The Ravens were the best during their heyday.  And that's the difference between his old job and his new job—-Rex used to coach the best.  He knew how to treat the best.  He knew what kind of pressure he could put on the best.  He knew what they could take, he knew where their limits were and how far he could push them.  In his new job, Rex coaches an average bunch of players.  Sure there are a few superstars on the team—Bart Scott is pretty good, Revis possibly one of the best in the league, and LT is a surefire Hall of Famer, but after that who do you really have?  Nick Mangold?  Are you gonna hang your hat on a center?  Mark Sanchez?  The kid should be a junior in college.  Santonio Holmes?  The only guy in football that smokes more weed is Ricky Williams.  Braylon Edwards?  Okay, that one's just too easy.

The point here is that the Jets simply aren't the best.  They've got talent, but they're far from the best.  They're a mediocre, average, run-of-the-mill team.  Okay, maybe a bit better than average, but not much.  You simply can't treat average players like they're the best.  They can't handle the pressure you heap on them when you scream to anyone listening that they're the best in the league, the best you've ever coached.  They tend to enjoy what you're saying a little too much.  The spotlight shines on them and they freeze, satisfied with what they've attained already.  

The most damaging thing that could happen to a team like this however, is for someone to prove they aren't the best.  Not just to beat them, but to embarrass them.  Not just to score one or two touchdowns, but six.  Not just to outscore them by a field goal or a touchdown, but by 42 points.  I heard it described best recently on ESPN when someone said the Jets reminded them of the school bully who gets beat up the first time and now everyone pushes him around because he doesn't know how to act if he isn't the toughest guy on the playground, I mean talk about a perfect comparison!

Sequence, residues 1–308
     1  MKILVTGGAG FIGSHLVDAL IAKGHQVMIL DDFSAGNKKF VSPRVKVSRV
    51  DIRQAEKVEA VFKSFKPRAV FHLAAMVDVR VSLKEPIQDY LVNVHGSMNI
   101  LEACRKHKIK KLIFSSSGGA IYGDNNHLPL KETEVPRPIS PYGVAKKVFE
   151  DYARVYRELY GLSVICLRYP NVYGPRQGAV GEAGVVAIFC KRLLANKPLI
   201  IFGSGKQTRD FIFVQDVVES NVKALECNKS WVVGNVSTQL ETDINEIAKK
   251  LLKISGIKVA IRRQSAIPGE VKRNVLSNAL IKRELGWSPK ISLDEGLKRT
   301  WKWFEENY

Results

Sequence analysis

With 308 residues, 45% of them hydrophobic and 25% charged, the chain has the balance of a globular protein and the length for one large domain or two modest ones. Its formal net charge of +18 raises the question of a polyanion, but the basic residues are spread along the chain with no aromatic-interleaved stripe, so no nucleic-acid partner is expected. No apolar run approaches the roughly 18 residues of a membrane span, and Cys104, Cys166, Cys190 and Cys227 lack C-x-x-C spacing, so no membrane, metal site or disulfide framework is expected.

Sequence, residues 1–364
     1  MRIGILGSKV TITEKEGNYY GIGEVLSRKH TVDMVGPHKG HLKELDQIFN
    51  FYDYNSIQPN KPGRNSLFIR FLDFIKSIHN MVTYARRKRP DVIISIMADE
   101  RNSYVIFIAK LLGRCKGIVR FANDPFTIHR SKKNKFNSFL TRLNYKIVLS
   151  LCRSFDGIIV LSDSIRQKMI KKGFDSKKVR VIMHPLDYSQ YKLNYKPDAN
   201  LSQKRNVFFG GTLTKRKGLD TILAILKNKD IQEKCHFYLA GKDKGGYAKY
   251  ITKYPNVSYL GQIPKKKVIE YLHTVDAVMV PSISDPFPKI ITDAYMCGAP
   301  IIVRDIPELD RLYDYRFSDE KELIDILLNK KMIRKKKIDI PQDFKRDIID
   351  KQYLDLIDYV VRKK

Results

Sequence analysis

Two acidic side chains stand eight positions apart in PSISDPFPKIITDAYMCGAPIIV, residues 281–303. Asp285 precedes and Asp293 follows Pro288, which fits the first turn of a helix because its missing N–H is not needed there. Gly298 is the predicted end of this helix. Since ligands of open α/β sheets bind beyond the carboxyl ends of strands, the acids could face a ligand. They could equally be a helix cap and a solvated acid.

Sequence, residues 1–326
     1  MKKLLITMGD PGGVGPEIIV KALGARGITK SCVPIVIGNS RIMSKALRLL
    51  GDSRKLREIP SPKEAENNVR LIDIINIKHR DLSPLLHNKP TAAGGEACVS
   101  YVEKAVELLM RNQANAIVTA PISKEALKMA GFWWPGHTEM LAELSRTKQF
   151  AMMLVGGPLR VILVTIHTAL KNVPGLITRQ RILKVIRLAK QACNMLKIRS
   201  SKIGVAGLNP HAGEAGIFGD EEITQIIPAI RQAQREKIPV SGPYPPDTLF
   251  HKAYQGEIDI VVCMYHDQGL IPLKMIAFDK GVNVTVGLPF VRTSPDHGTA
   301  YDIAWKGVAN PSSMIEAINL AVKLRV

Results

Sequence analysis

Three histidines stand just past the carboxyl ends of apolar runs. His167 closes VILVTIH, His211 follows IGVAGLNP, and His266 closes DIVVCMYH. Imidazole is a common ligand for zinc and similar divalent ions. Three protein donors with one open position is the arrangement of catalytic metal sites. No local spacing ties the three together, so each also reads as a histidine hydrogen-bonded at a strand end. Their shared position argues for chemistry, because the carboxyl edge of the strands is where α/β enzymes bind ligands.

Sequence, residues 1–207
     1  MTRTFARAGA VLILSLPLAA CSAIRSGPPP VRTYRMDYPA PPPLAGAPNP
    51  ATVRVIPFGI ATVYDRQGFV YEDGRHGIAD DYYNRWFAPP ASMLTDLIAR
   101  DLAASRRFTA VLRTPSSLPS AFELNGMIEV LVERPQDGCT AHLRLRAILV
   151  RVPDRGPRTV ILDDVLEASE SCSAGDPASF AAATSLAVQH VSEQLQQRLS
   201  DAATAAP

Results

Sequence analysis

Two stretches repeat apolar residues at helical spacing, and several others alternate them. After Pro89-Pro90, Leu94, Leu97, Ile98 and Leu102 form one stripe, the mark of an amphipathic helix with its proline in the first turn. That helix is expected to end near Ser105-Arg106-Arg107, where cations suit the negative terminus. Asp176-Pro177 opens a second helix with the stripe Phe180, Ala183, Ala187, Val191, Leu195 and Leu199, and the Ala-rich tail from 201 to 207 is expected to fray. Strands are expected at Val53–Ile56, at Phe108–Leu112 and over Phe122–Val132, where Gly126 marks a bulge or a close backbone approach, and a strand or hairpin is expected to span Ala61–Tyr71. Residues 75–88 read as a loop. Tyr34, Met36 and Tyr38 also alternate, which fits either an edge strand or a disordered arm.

Watching the Dolphins embarrass the Jets this past weekend was a bit heart-warming as a New England fan, I won't lie.  I am however, probably the only Pats fan I know that has a lot of respect for Rex Ryan.  I like the way he does things, I love that he says what's on his mind with no filter, it's great stuff-and makes for great tv and interviews.  It was also sad however.  Watching Holmes drop that ball in the end zone and then listening to ex-Pats receiver David Givens talk about his own personal routines during the Patriots' Super Bowl runs just made me think—Holmes can't be doing those things can he?  I mean, there's no way he drops a pass that wide open if he's practicing like he should is there?  There's no way Mark Sanchez drops the ball pretty much every time he touches it if he's putting the work in properly.

When that bully gets beat up for the first time on the playground he often doesn't even try anymore.  Most people see it as a good thing, he loses his will to fight everyone, has a change of heart, starts being nicer, blah blah blah.  It looks to me like that's happened to the Jets this year.  True champions are measured by how they bounce back from adversity (see the New England vs. Cleveland game and the Patriots' record since then).  True champions can get back up off the mat and knock their opponent out.  Now is the chance for the Jets and coach Rex Ryan to prove to all of us that they are as good as they thought they were, because in the immortal words of Denny Green they've let themselves off the hook.